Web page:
Vitamins and Supplements
Tips to follow when shopping for vitamins and supplements.
This section offers guidance to insure you are purchasing vitamins, supplements and herbal products that are authentic and safe. The Food and drug administration regulates the safe and accurate use of prescription medicines but does not regulate vitamins and supplements. Hopefully this will change as vitamin and supplement manufacturers represent a billion dollar industry and are not reviewed for safety by the government. It is the company’s responsibility to insure that their product is safe, pure, free of contaminants, and accurate as to the potency or dosage.
This, of course, requires that manufacturers ‘police themselves’. The following tips can help you when you purchase vitamins and supplement.
Although taking a pill is easier, remember in many cases the best defense and best results occur when nutrition, vitamins and minerals come from a healthy diet not a pill.
- Beware of marketing hype. If the claims are too good to be true- that is probably true. Just because something is described as ‘natural’ or an ‘herb’ does not mean it is safe, effective or free of contamination.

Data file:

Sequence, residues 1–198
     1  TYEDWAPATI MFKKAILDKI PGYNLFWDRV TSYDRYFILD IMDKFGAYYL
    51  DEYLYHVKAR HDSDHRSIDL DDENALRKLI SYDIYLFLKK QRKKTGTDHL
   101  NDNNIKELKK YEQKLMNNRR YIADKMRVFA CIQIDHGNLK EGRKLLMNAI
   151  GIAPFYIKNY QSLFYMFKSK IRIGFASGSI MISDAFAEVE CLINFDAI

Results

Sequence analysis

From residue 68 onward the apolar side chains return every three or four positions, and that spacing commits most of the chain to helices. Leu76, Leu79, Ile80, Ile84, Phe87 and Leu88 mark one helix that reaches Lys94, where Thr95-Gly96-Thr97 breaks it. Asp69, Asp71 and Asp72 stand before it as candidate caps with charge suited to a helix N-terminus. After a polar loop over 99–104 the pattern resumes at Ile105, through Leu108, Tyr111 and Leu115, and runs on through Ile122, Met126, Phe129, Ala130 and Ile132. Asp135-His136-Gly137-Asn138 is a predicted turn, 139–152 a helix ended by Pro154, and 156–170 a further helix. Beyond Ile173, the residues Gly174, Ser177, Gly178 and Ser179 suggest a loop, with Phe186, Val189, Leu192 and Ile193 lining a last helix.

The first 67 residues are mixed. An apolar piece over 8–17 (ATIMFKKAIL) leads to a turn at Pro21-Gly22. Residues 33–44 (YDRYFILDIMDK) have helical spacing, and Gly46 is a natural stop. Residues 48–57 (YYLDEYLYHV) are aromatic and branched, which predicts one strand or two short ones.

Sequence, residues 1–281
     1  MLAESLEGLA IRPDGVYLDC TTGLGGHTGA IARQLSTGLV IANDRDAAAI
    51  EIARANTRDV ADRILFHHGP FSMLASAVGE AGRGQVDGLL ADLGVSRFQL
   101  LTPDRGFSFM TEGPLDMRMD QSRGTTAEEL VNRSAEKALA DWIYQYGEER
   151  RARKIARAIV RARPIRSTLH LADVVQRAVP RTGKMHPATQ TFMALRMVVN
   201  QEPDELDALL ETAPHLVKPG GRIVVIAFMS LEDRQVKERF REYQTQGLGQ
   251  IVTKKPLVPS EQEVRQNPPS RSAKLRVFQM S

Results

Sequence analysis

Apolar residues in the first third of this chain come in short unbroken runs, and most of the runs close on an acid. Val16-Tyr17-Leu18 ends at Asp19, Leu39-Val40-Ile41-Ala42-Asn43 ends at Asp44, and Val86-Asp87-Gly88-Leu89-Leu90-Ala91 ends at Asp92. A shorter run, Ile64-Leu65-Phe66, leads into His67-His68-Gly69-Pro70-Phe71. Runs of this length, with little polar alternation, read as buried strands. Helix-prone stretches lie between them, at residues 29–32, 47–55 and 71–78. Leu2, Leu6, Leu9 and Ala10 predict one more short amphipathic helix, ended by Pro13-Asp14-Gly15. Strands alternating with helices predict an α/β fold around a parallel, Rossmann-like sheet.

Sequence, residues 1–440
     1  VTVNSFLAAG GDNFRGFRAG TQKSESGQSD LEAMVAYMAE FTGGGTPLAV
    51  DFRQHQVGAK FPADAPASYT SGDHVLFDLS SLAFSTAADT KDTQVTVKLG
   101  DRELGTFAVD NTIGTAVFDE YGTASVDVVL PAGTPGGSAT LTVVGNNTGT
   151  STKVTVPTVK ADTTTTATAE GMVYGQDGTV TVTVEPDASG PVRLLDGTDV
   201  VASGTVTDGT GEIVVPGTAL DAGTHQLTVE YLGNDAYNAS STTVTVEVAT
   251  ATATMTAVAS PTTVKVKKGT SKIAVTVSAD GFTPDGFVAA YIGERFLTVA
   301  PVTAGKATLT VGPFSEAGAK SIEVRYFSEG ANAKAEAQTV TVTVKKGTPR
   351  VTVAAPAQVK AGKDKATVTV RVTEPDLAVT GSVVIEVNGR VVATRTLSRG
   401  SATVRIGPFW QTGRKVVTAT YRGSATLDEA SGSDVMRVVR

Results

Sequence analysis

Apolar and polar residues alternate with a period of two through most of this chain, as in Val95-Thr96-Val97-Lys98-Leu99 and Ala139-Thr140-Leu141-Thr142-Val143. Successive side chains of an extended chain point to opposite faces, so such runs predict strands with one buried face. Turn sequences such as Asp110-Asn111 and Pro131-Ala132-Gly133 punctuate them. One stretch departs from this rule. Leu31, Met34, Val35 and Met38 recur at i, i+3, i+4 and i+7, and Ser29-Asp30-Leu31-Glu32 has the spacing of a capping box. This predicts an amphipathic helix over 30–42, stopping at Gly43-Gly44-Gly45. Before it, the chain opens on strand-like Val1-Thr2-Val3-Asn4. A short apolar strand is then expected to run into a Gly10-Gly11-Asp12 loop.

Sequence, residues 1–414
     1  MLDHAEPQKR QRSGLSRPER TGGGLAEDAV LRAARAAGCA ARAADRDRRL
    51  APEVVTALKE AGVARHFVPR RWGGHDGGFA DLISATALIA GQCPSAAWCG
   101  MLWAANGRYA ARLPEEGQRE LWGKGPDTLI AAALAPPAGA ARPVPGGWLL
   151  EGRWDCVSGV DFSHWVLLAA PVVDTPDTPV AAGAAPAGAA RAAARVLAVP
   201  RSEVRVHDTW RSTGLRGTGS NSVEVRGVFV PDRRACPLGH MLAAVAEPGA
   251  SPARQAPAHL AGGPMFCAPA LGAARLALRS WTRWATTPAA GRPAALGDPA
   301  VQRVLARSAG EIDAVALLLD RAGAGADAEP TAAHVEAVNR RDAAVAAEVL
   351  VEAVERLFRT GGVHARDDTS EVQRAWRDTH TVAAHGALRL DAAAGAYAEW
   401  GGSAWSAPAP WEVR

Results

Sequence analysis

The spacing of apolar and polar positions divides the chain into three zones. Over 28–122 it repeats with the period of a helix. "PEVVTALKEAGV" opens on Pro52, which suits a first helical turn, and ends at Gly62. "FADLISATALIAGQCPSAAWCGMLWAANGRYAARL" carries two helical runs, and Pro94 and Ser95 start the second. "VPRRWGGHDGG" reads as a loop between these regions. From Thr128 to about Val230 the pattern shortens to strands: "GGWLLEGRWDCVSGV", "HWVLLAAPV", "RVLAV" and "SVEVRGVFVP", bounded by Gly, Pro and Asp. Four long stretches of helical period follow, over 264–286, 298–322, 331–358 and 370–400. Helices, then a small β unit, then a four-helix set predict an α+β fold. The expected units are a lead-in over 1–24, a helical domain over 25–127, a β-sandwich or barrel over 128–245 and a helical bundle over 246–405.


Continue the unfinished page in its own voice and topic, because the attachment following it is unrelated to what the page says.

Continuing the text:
- Supplements and vitamins can interact with your current prescription medicines. For example, St. Johns Wart, fish oil, garlic, vitamin E, and ginkgo biloba are examples of supplements used by some PD patients that can interact with warfarin to increase bleeding.
- Be sure that the label reflects what is needed. If you are purchasing fish oil based on the benefit of DHA and EPA, are the amounts of these compounds measured and listed on the product label?
- Look for products that are tested for purity, potency and bioavailability (how it is absorbed by the body) by an independent laboratory. This insures accurate and unbiased reporting. Search for products that carry ‘USP’ (United States Pharmacopeia) certification. This independent laboratory tests the purity, potency and bioavailability of products. In effect, this test insures that what is on the bottle label is indeed what is contained in the pill or supplement. Otherwise the actual purity and strength of the substance may not be the same as the bottle label. Consumerlab.com tests different brand names and can give you the same information.
- For more information on this topic and the role of the FDA log onto: www.fda.gov/Food/DietarySupplements/ConsumerInformation/ucm110567.htm.